A federal judge in Texas initially blocked the plan on November 10, calling it unconstitutional. Then the 8th US Circuit Court of Appeals in St. Louis struck another blow, issuing an injunction to prevent the US Department of Education from hearing any more applications.

“Basically, the Court of Appeal has put the program on hold until the case can be heard. So it could potentially take a few months where we just have to wait for that,” Hanson said.

The Biden administration plans to take action against these verdicts.

I have already applied. What’s next?

The US Department of Education has begun notifying eligible borrowers that it has sent approvals to loan providers and “you do not need to take any further action.” Education Minister Miguel Cardona went on to say lawsuits have “blocked our ability to pay off your debt,” but the ministry believes the legal challenges are unfounded.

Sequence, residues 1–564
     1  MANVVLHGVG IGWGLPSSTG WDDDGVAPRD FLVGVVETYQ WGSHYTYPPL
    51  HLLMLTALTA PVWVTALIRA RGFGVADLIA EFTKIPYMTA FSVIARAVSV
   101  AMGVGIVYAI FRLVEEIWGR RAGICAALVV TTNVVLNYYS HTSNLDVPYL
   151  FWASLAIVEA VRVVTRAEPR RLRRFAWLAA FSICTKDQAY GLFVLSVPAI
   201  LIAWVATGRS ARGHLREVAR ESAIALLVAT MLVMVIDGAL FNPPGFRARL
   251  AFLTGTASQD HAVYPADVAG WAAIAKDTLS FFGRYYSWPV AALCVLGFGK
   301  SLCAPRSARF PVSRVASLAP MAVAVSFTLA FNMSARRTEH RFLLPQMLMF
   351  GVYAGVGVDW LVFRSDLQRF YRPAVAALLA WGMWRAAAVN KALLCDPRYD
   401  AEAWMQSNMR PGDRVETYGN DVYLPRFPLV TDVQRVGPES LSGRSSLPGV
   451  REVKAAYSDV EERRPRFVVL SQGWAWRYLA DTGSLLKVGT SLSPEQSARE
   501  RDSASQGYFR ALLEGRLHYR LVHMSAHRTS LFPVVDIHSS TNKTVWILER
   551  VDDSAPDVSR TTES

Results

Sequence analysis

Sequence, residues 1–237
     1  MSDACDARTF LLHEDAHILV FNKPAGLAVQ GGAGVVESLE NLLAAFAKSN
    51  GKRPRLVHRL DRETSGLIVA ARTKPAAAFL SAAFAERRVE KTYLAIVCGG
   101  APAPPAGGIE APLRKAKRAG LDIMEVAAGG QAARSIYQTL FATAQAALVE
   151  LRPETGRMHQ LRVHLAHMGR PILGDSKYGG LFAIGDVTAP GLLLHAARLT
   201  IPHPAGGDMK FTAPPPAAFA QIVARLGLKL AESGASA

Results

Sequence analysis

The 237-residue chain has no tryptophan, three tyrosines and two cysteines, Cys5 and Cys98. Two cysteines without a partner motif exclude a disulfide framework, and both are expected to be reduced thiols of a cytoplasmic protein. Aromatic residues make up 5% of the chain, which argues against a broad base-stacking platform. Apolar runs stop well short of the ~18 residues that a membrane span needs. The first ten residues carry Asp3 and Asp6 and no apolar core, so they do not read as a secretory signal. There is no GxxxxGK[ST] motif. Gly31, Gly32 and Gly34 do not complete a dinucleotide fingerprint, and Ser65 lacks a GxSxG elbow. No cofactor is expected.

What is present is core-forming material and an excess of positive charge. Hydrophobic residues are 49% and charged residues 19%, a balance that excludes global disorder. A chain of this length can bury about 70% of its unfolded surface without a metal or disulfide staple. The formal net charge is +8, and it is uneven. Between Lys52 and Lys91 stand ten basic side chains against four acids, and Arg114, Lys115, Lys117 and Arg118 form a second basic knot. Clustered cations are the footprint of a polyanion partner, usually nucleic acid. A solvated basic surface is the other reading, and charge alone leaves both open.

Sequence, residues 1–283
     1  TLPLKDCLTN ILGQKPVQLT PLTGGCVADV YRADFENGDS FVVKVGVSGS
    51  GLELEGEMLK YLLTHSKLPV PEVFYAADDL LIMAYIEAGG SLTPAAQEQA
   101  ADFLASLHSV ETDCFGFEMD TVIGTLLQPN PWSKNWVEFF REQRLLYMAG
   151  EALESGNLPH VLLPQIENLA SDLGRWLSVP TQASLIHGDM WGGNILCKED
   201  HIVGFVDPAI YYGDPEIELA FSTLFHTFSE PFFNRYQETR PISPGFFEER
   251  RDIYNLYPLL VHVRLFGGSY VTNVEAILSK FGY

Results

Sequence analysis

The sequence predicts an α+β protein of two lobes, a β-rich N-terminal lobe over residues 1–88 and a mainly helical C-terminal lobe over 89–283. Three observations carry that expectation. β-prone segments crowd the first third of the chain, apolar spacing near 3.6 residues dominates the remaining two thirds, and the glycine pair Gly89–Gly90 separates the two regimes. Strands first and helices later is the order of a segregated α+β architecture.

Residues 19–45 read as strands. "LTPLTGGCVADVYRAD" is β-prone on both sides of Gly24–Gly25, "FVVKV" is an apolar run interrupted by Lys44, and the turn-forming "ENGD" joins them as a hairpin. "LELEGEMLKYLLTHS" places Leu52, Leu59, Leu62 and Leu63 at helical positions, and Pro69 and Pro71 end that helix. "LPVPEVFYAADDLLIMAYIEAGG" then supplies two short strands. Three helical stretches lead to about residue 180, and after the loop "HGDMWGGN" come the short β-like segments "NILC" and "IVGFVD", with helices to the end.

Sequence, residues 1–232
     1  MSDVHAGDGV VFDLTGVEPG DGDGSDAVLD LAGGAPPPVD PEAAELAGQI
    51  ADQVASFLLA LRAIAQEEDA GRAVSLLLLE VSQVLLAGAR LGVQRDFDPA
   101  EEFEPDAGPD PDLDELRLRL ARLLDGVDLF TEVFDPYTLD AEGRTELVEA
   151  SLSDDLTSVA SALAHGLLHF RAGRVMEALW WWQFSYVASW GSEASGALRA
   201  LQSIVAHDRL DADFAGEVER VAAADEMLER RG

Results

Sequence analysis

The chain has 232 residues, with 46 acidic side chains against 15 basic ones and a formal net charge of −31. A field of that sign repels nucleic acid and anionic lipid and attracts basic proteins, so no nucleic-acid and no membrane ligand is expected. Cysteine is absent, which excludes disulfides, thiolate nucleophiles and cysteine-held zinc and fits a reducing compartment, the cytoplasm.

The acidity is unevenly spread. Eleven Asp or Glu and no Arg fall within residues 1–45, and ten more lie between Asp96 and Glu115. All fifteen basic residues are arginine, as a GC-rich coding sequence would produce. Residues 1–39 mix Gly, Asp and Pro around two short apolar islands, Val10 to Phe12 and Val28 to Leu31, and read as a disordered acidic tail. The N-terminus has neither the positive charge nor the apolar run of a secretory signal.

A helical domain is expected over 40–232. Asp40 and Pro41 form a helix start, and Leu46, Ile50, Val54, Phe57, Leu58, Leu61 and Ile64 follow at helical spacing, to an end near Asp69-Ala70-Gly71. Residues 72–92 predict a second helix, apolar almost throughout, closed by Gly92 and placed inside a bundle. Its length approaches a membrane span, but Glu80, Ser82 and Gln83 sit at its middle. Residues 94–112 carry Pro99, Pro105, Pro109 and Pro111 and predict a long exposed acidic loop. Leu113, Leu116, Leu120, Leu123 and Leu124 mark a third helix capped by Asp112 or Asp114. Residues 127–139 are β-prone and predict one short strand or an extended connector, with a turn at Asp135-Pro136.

“Your application is complete and approved, and we will settle your approved debts if and when we prevail in court. We will update you if there are any new developments,” he said.

Here’s a look at how many people could get debt relief by state:

(Can’t see the map? click here.)

Can I still apply?


An injunction from the US Court of Appeals prevented the federal government from accepting new applications for the time being.

The Federal Student Aid website now states, “Student loan debt relief is on hold.” Previously, applications were open until December 31, 2023.

Is the plan legal?

It depends who you ask.

The Biden administration relied on a 2003 law to implement the program.